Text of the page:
Bible contradictions: why they matter, and why they don’t

This has been out for a while now, but here’s a stunning chart commissioned for Project Reason by Sam Harris attempting to map out contradictions in factual claims of the Bible. It was apparently based on a very different project by someone mapping out correlations and connections in the Bible.

See the entire PDF.

Explains Suzanne Labarre,

The organization here is pretty simple. You’ve got bars at the bottom representing the 1,189 verses of the King James Bible. White’s for the Old Testament, gray’s for the New Testament. Then a red arc links all the verses that contradict each other.

I haven’t checked all these out. Labarre cites as an example conflicting testimony as to Abraham’s age when Ishmael was born. I imagine that several of these contradictions are only apparent, and that a great number more of them will be treated as though there were only apparent by inerrantists.

This chart was no doubt intended to be paraded about as a great reason to dismiss the Bible altogether, but that’s unnecessarily reactionary. How foolish we’d be if we distrusted and discarded every thing in this life which could be shown to be fallible (cars, anyone?).

All of these sorts of conflict come as no surprise to those of us who reject inerrancy, and shouldn’t trouble anyone who recognizes the organic nature of the Bible’s construction. I agree with Thom Stark, John J. Collins, and others who argue that the Bible is, and was always intended to be, “an argument with itself,” and its authors disagreed on matters far weightier than Abiathar’s precise familial relationship to Ahimelech.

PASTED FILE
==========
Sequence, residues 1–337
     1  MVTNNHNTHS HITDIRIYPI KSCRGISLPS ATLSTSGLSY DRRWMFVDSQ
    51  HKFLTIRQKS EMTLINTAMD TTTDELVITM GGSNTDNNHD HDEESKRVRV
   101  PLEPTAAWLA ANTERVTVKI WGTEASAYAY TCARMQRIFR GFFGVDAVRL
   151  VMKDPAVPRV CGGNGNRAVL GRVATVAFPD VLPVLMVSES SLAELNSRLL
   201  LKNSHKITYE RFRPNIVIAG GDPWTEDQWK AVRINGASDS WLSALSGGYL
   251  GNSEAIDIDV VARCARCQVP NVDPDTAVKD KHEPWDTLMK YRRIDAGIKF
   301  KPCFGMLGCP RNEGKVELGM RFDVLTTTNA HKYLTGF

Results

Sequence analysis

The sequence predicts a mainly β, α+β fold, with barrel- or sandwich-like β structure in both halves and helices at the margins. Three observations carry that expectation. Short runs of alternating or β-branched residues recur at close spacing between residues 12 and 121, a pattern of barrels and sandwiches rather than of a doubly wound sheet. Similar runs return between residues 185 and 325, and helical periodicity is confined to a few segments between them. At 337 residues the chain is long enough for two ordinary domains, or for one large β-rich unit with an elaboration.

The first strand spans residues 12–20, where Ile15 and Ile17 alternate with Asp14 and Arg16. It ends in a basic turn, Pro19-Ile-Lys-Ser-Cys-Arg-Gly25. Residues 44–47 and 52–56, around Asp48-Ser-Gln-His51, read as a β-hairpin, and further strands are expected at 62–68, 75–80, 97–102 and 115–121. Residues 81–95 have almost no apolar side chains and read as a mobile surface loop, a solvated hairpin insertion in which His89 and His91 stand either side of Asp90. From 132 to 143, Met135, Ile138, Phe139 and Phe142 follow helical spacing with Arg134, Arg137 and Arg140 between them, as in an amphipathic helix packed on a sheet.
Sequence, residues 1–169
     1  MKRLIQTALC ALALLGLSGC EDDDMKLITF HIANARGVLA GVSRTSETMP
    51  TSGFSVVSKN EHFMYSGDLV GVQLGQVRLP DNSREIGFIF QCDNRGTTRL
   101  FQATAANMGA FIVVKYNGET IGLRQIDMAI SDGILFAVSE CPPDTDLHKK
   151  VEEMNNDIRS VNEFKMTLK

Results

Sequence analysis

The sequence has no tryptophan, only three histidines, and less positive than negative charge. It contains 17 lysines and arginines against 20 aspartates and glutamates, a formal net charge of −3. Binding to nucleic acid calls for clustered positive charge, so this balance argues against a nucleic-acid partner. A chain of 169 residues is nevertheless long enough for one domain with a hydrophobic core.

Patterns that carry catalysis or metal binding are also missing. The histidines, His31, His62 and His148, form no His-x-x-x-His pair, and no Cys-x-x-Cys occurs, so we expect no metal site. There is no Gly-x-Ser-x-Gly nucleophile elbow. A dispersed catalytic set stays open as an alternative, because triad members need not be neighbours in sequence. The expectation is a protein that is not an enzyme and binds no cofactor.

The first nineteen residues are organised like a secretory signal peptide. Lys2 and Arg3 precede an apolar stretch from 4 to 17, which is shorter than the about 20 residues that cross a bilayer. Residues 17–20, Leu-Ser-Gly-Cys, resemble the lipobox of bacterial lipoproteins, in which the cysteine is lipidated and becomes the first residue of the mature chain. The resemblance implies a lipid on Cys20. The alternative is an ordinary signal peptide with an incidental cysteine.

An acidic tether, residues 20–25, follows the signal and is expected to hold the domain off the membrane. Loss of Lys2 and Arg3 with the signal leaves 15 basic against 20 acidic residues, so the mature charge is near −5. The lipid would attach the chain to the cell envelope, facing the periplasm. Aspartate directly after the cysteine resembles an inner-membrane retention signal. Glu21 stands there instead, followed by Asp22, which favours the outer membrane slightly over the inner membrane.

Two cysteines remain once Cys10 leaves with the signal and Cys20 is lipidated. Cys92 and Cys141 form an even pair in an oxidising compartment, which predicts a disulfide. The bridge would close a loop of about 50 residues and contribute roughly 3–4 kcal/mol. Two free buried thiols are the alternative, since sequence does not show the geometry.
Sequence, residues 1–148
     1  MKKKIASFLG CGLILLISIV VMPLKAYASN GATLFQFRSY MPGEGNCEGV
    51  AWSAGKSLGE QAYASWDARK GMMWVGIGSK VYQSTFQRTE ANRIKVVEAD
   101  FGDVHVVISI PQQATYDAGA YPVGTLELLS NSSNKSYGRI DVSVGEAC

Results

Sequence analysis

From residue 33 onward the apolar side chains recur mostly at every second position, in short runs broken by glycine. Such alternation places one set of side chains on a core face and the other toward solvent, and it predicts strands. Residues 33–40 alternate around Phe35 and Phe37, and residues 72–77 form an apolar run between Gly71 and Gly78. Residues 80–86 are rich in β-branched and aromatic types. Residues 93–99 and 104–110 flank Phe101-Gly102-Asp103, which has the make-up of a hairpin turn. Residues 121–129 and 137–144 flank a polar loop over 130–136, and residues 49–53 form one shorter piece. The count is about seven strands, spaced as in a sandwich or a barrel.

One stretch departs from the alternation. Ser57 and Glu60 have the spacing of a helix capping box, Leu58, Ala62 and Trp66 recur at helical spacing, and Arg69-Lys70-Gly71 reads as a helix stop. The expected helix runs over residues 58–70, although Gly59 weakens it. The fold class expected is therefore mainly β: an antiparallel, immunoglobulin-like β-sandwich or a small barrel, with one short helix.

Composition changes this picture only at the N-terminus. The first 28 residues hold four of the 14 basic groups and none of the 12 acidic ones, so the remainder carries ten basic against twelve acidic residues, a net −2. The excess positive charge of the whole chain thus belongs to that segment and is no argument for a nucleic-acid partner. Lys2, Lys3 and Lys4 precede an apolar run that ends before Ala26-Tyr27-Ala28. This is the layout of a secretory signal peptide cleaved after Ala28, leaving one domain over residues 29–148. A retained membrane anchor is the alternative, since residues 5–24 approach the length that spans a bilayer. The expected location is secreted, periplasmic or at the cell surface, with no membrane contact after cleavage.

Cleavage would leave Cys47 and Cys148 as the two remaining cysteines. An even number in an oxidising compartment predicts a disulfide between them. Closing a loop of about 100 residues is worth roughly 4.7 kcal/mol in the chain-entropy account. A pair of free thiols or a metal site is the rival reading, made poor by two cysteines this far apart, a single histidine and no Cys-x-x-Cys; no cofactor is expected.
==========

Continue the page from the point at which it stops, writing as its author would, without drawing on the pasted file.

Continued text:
I think Labarre’s succinct “moral of the story” serves as a useful caution against views of the Bible that fail to regard its importance as secondary to the reality of God Himself to which its authors pointed:

So to anyone who thinks the Bible’s the last word on anything, remember this: It isn’t even the last word on itself.

We cannot but expect the Bible to be human, through and through, and leave God Himself to be the only one upon whom all our hopes must rest. “Let God be true, and every man,” writer of Scripture or not, “a liar” — or at least, “frequently mistaken.”

H/T @CircleReader

Tagged with:
Recent Posts: